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Rhode Island's Senate pushes bill to help mentally-ill defendants

Mental health issues are on the minds of the Rhode Island Senate as policy makers try to push through a package of reforms designed to encourage treatment of the mentally ill rather than incarceration.

The incarceration of the mentally ill has been a growing national concern, and Rhode Island is no exception. Now, a study by the Mental Health Association of Rhode Island in collaboration with Roger Williams University has helped bring to light some of the problems.

Nationally, people with a serious mental illness average 3.2 to 1 odds of landing in jail instead of a hospital, even though a hospital would be more appropriate. The problem, in many cases, is that cuts in funding for mental health care have left fewer resources available for the mentally ill to seek treatment.

Those spending cuts actually cost the state more money in the end. It's more expensive to warehouse the mentally ill in prison than it is to put them in a psychiatric hospital and treat them, especially once the additional costs of prosecution, court time and probation are factored in.

Prisoners with mental illness also end up staying incarcerated longer than they'd likely be hospitalized, since their mental illnesses lead them to continue to break the rules. They become "problem" inmates and end up serving more time for bad behavior -- behavior they likely can't control. The problem behavior also leads to a need for more staff members, just to handle the prisoners who are volatile without psychiatric treatment.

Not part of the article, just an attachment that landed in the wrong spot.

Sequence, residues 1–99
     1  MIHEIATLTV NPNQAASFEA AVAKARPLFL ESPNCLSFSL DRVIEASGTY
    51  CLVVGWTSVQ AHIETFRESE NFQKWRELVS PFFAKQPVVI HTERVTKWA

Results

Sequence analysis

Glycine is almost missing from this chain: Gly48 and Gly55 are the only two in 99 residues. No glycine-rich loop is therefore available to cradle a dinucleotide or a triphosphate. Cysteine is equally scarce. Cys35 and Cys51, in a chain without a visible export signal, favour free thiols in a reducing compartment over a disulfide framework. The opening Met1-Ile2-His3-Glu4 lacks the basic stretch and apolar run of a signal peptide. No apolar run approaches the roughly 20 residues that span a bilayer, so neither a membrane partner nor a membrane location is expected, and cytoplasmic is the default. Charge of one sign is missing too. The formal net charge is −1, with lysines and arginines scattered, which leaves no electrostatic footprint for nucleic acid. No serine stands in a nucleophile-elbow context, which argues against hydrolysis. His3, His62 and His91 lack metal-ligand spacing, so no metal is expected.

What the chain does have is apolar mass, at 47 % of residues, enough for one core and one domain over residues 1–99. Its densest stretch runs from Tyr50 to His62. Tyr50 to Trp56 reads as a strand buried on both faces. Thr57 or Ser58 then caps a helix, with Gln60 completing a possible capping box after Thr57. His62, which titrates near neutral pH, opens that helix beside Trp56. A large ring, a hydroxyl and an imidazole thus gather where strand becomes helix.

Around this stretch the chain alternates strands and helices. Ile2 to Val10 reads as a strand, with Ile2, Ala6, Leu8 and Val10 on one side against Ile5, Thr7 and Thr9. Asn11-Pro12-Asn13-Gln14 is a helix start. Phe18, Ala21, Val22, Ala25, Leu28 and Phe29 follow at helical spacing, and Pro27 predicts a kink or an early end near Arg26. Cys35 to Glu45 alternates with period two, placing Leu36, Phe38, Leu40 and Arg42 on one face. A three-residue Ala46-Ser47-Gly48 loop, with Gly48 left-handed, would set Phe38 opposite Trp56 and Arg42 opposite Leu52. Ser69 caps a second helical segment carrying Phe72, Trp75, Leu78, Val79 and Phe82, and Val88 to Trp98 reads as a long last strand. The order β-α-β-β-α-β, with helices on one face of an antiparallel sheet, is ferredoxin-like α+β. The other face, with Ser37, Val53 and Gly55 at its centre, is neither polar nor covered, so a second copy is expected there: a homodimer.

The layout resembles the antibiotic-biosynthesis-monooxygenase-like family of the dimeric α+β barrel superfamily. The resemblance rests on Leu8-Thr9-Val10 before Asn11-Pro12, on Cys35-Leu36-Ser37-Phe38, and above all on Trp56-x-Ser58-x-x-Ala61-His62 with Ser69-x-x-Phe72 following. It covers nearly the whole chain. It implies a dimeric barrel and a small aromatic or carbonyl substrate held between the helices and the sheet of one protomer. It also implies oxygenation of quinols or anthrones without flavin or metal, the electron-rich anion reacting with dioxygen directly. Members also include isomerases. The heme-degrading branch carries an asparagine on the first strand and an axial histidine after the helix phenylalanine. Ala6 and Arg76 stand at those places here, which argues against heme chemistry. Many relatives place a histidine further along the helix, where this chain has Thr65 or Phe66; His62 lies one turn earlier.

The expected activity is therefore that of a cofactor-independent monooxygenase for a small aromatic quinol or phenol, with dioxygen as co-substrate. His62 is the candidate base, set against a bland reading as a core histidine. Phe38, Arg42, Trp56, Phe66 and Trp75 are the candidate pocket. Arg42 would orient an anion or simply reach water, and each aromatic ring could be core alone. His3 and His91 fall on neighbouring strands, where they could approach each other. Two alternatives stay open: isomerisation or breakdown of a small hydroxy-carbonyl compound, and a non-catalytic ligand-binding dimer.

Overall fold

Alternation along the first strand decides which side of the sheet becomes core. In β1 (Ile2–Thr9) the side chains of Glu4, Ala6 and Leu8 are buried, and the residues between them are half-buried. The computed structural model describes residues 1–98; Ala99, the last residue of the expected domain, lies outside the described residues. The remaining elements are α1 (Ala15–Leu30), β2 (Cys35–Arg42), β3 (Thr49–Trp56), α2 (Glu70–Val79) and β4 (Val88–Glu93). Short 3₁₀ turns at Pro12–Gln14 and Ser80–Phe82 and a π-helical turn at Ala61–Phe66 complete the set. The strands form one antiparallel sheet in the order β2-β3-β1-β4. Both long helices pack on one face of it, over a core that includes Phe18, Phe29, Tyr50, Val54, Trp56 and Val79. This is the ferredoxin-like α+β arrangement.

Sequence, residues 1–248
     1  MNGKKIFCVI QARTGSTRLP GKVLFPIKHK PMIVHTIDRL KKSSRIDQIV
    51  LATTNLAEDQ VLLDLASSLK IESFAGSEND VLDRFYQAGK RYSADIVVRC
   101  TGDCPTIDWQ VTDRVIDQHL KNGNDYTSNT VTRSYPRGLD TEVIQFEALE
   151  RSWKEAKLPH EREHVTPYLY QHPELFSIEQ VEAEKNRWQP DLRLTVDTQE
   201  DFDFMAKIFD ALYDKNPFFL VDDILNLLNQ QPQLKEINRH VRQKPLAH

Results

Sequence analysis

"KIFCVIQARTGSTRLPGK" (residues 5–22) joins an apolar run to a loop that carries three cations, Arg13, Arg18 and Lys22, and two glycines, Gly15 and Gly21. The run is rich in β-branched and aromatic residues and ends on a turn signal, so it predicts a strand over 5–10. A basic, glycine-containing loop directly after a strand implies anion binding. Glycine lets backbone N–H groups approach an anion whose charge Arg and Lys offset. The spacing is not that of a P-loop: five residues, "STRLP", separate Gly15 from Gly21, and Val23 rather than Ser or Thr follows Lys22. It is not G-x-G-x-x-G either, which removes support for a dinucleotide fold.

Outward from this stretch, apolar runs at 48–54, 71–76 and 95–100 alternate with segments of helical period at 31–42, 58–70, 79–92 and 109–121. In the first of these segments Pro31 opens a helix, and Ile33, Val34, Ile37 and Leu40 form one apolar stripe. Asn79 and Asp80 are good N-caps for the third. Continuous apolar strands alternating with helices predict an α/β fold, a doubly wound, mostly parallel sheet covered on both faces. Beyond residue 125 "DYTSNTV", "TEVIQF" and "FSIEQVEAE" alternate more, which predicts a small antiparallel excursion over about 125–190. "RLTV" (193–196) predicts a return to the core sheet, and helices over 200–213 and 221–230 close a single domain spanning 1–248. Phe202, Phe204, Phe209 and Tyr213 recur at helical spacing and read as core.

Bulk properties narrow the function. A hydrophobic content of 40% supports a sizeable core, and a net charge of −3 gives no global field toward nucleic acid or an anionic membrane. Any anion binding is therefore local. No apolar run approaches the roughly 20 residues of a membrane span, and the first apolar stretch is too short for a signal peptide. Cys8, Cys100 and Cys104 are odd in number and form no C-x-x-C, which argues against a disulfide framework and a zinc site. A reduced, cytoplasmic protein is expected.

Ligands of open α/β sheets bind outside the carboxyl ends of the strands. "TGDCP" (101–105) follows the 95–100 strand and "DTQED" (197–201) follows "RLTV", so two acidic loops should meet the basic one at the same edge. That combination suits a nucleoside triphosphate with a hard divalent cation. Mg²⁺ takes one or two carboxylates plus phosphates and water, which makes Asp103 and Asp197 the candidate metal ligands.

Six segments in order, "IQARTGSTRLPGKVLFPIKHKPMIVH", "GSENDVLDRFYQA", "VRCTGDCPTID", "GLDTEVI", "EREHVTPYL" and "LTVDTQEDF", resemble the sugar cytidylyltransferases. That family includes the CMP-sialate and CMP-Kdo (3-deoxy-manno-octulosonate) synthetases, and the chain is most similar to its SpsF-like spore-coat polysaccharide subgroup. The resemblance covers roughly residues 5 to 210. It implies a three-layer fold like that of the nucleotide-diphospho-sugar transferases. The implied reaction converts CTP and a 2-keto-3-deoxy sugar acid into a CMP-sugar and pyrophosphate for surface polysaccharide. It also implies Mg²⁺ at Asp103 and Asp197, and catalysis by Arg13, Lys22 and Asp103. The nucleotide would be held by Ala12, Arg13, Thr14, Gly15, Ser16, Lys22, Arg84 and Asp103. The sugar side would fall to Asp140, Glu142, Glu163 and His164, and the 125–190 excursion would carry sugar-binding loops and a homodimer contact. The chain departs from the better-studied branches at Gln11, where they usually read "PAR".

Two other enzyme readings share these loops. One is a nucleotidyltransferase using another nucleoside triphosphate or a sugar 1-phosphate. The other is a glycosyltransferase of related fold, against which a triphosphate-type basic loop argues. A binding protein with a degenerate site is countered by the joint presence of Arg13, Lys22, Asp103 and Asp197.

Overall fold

In addition, prisoners with mental illness are likely to become "frequent flyers," returning to prison often because their mental health issues are either never get addressed at all or they're left without aftercare upon release.

The new bills would include measures designed to be baby steps in the right direction toward fixing a broken system. They include diverting mentally ill people charged with minor crimes to counseling, not jail. Another would create a batterer's intervention program. Supporters also believe the measures would help reduce the state's high probation rate.

If someone you care about has a mental illness and is arrested, make sure that his or her criminal defense attorney is aware of the defendant's mental health problems. That may help his or her attorney convince a prosecutor or judge to agree to a solution other than prison.

Source: The Washington Times, "Rhode Island Senate passes criminal justice reform bills," Feb. 02, 2017

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